Thursday, January 31, 2008

Dancer insecurities

A wise old ballet teacher once told me "Dancers are the most insecure people of them all." Mr. Christopher firmly believed that all dancers were insecure - it was in our nature. Which was why he would start pounding his cane into the ground and yell at you if he caught you so much as whisper one word to the person next to you while someone else was dancing - he said that if a dancer sees someone else talking while she is dancing, she automatically thinks that they are talking about her. And not in a good way.



I always thought Mr. Christopher was a little off his rocker in most respects, but this point stuck with me. I think that we dancers are insecure, and I think it is because of the nature of our profession (or hobby) - that we constantly put our whole selves - our bodies, our emotions, everything - out there for the world to enjoy, or critique. How can we not become insecure? What if the world doesn't like our dance - since our dance is really who we are, does that mean they don't like us??



I recently danced at a private party in the back section of a restaurant that had a house bellydancer, who was going on right after my show. The dancer was from Greece (just arrived in America, actually), so in my born-and-raised-America eyes, she was the real deal. The singer for the restuarant was also there, and she was from Greece as well. After my show, both ladies were complimenting me and asking me questions about my dance - how long had I been dancing, who did I study with, etc. To anyone else, their questions would have seemed like genuine admiration - they really liked my show. But to me, the insecure dancer, their questions seemed insincere - like they thought I was crap and they were mocking me. Was that the case? I don't think so, I think they really did like the show - but there's always the nagging thought in the back of my head that I'm not really as good as I hope I am. Am I that insecure that I can't recognize and accept a compliment when I get one?



Do other dancers feel this way? Was Mr. Christopher right? Are we all insecure? Or is there a way to overcome the insecurities?

4 comments:

Naima said...

I have always just said that us bellydancers are
"crazy" (tongue-in-cheek of course).
Having insecurities is definately a more scholarly way to put it.
But I agree with you. Dancers are always being judged by someone, both good and bad. It is a great challenge to overcome the feeling of insecurity that you get during/after some performances.

kara :0 said...

Good or bad, people are going to judge not just a dancer as a performer but when all the makeup & costumes are off as a person in ordinary life. It is a natural instinct for people to judge each other. As a performer you put yourself in a situation for others to judge you, which in turn puts more pressure & can cause more insecurities. Whether just a hobby or a profession, the insecurities, critiques & emotion and physical strains are more than worth it to be bellydancing!!!!!!!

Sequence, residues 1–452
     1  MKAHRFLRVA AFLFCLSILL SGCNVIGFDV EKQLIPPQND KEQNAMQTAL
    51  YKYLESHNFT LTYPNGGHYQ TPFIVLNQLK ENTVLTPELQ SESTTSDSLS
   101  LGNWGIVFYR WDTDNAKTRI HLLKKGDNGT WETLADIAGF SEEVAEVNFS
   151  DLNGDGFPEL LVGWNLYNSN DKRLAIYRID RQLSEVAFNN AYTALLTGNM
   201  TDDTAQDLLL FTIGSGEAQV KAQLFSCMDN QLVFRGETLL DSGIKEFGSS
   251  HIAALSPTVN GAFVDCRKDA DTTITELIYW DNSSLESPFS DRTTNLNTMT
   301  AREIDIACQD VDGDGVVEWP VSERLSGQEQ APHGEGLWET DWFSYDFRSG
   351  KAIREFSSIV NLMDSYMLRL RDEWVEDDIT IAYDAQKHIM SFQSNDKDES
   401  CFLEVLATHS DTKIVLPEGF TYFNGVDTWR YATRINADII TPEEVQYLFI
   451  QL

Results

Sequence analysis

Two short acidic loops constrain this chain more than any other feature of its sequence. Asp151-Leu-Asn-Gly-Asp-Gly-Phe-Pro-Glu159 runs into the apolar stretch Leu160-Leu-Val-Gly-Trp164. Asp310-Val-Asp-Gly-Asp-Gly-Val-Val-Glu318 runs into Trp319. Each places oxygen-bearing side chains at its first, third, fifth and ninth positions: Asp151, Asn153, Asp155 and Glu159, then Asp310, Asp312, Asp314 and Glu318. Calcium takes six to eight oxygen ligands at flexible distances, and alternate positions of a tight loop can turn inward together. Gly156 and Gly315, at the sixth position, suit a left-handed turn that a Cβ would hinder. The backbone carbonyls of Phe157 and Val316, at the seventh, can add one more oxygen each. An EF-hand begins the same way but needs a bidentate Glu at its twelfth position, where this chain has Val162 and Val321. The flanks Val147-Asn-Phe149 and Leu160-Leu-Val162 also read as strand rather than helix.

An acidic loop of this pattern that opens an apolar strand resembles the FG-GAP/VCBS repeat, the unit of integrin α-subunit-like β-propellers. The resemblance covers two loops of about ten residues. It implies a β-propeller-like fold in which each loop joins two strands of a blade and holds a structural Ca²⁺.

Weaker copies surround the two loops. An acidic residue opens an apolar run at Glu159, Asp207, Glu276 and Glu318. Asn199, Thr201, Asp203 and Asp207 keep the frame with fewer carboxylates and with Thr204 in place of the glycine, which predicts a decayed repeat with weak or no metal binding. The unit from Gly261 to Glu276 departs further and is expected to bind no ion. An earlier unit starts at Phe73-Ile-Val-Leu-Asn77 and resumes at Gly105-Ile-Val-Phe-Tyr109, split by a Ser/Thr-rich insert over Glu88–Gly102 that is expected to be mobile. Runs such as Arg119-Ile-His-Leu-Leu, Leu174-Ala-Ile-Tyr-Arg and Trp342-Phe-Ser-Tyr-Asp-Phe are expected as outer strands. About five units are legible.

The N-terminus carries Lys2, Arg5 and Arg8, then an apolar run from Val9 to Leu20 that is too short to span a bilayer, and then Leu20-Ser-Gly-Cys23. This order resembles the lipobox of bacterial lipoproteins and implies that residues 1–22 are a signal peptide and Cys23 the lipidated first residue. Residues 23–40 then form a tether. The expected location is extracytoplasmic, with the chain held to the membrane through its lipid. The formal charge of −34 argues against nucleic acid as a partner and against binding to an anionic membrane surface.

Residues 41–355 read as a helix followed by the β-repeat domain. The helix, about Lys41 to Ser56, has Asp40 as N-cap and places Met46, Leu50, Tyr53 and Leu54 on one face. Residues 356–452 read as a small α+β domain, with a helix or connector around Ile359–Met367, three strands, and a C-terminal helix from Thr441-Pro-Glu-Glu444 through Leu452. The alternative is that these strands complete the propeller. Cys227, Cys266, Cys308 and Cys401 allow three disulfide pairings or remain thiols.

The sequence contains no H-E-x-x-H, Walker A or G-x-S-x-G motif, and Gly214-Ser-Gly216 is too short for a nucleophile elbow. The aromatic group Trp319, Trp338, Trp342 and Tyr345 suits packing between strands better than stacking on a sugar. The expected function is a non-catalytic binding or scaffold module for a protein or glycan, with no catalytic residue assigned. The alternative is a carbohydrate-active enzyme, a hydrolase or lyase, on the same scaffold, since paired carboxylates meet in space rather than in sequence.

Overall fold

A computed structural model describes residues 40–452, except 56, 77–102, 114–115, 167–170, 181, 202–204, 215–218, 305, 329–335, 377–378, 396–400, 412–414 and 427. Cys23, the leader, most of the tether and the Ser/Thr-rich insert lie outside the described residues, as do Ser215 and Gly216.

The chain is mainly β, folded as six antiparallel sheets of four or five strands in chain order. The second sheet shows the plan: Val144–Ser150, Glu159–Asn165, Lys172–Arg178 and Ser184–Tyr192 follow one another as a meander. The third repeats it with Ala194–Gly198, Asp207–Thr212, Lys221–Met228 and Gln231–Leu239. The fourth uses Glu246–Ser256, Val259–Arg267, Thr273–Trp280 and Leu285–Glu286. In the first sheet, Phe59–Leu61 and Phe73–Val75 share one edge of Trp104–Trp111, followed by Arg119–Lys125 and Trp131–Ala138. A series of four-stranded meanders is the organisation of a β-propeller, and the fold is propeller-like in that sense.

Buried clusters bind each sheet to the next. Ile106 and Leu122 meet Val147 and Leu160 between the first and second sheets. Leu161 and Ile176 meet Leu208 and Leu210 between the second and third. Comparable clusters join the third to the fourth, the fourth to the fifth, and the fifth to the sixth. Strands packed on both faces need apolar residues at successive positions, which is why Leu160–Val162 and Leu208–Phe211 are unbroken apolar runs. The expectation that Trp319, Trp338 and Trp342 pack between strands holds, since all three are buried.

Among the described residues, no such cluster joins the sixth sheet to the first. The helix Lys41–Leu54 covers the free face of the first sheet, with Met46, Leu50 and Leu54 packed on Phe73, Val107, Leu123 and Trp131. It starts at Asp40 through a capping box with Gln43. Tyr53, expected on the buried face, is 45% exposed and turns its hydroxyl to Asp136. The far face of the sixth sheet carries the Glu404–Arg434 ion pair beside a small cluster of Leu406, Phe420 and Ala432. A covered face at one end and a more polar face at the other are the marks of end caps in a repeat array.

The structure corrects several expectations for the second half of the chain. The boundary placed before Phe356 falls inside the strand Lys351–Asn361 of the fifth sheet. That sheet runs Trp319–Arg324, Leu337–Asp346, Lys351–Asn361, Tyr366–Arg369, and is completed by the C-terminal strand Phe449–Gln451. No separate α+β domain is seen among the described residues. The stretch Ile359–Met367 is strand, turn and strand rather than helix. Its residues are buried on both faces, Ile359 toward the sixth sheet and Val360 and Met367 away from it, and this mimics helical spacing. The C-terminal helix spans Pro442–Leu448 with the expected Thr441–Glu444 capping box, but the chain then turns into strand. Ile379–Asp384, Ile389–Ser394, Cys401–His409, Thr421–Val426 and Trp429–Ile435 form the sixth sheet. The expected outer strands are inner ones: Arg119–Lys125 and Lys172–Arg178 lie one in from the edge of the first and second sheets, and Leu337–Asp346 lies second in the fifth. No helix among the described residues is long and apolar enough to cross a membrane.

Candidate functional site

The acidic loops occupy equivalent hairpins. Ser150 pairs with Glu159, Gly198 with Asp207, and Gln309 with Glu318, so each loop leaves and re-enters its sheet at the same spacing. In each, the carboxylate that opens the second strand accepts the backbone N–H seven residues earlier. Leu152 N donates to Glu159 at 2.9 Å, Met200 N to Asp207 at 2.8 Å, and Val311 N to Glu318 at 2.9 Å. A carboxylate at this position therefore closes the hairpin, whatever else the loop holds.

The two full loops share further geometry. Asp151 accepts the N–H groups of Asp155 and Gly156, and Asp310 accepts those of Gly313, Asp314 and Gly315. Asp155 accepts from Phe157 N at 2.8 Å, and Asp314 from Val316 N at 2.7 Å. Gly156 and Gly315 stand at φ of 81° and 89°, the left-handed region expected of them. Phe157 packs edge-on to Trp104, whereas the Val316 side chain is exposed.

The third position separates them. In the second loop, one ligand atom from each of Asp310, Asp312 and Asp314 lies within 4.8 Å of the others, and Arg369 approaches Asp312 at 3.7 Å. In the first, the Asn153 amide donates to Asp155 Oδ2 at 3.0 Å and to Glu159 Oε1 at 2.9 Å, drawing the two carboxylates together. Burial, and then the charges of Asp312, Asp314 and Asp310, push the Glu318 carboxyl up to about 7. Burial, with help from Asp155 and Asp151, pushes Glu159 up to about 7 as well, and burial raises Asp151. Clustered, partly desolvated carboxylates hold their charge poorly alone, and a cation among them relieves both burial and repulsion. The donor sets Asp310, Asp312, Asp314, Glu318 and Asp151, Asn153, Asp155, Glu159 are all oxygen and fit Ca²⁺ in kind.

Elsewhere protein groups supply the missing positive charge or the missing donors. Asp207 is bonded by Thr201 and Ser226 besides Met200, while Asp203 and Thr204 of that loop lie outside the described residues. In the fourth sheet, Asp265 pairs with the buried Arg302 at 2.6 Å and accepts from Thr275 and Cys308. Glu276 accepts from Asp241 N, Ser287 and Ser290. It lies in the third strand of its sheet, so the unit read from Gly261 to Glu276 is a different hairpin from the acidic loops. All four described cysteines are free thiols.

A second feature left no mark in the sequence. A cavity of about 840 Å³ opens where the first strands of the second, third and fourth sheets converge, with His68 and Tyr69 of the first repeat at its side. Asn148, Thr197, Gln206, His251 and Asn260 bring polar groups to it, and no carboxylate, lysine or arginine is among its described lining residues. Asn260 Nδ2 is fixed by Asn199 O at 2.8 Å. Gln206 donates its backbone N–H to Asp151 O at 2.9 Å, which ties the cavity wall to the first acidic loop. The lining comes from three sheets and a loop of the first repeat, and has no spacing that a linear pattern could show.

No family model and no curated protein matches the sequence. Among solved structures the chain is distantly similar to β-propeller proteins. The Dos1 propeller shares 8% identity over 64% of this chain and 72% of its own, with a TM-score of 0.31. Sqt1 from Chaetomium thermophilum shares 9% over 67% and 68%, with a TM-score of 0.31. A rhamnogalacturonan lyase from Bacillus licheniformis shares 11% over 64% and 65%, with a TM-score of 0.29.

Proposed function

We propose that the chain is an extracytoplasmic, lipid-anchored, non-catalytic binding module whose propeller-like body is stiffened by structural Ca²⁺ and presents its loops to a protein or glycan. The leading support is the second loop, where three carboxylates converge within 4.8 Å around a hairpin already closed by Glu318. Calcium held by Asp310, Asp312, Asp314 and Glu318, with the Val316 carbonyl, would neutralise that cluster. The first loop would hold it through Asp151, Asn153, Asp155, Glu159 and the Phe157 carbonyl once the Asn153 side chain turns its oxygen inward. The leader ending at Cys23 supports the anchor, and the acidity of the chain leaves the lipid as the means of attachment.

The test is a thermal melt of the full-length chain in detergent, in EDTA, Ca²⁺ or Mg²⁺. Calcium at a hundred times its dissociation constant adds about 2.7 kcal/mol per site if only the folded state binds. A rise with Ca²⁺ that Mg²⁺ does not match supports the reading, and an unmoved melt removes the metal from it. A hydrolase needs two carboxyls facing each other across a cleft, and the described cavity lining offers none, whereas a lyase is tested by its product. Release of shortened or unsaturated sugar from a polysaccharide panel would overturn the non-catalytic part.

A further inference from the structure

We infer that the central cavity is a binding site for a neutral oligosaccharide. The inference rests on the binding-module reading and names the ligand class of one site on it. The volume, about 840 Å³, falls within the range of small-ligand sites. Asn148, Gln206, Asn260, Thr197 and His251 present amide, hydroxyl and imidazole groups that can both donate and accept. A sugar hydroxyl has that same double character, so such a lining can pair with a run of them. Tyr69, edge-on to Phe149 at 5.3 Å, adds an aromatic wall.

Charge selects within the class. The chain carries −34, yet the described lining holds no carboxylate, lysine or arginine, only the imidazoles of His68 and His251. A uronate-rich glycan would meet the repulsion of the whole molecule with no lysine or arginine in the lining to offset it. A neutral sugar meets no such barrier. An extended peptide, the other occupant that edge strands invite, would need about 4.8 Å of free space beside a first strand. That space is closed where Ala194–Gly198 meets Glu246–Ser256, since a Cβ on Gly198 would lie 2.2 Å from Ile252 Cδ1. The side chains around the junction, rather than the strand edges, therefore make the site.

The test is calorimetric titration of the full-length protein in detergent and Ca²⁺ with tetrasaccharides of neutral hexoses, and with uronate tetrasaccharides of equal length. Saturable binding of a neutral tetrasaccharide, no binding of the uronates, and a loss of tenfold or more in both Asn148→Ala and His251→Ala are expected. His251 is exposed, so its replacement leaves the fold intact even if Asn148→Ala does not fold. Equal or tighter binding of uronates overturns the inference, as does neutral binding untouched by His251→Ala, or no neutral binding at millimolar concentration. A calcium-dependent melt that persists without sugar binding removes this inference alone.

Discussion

For the record---Daniela, accept it as a compliment---you are an amazing bellydancer!!!!!!

Amy said...

Hmm, I wouldn't say that we are naturally insecure due to being dancers, but that the dance scene can make you insecure. From one side is the (totally ridiculous) cattiness that can come out of competition; sometimes that whisper you see is "Wow, I wish I could do that!" and sometimes it's "Whoa, what is the h@!! is she doing?".

On the other side is the fact that there can be a lack of constructive criticism and honesty in the belly dance world. I think too many people praise dancers because they are friends or to be nice, when what we all need are positive evaluations about our dancing (that is, even when we do something that is not good it is pointed out in a way that can bring about positive action). Hearing too much, "You were SO GREAT" but never "Your energy was amazing, but next time try to smile more so we know you're having fun" or "I admire you trying out a new style but I didn't feel it was your strongest performance, maybe x, y, or z would help?" can make you wonder: Am I any good at this? Or do I really stink and no one will tell me? And then it's insecurity all over the place.

Anonymous said...

Good Times with Mr. C! He was a diamond and he would be happy to admit "off his rocker".

Yes, as humans we can be insecure, but as artists - definitely! Our project, our work is our performance. How can we feel any other way??? But, be confident in what you have to offer, it is like no other! xox Julie